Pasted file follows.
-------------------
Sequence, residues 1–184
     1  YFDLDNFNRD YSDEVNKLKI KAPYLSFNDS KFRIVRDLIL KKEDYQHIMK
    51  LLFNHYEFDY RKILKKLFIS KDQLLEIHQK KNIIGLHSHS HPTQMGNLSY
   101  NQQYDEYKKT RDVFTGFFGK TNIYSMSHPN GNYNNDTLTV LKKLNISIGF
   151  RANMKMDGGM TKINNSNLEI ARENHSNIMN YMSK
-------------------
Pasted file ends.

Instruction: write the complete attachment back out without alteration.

Sequence, residues 1–184
     1  YFDLDNFNRD YSDEVNKLKI KAPYLSFNDS KFRIVRDLIL KKEDYQHIMK
    51  LLFNHYEFDY RKILKKLFIS KDQLLEIHQK KNIIGLHSHS HPTQMGNLSY
   101  NQQYDEYKKT RDVFTGFFGK TNIYSMSHPN GNYNNDTLTV LKKLNISIGF
   151  RANMKMDGGM TKINNSNLEI ARENHSNIMN YMSK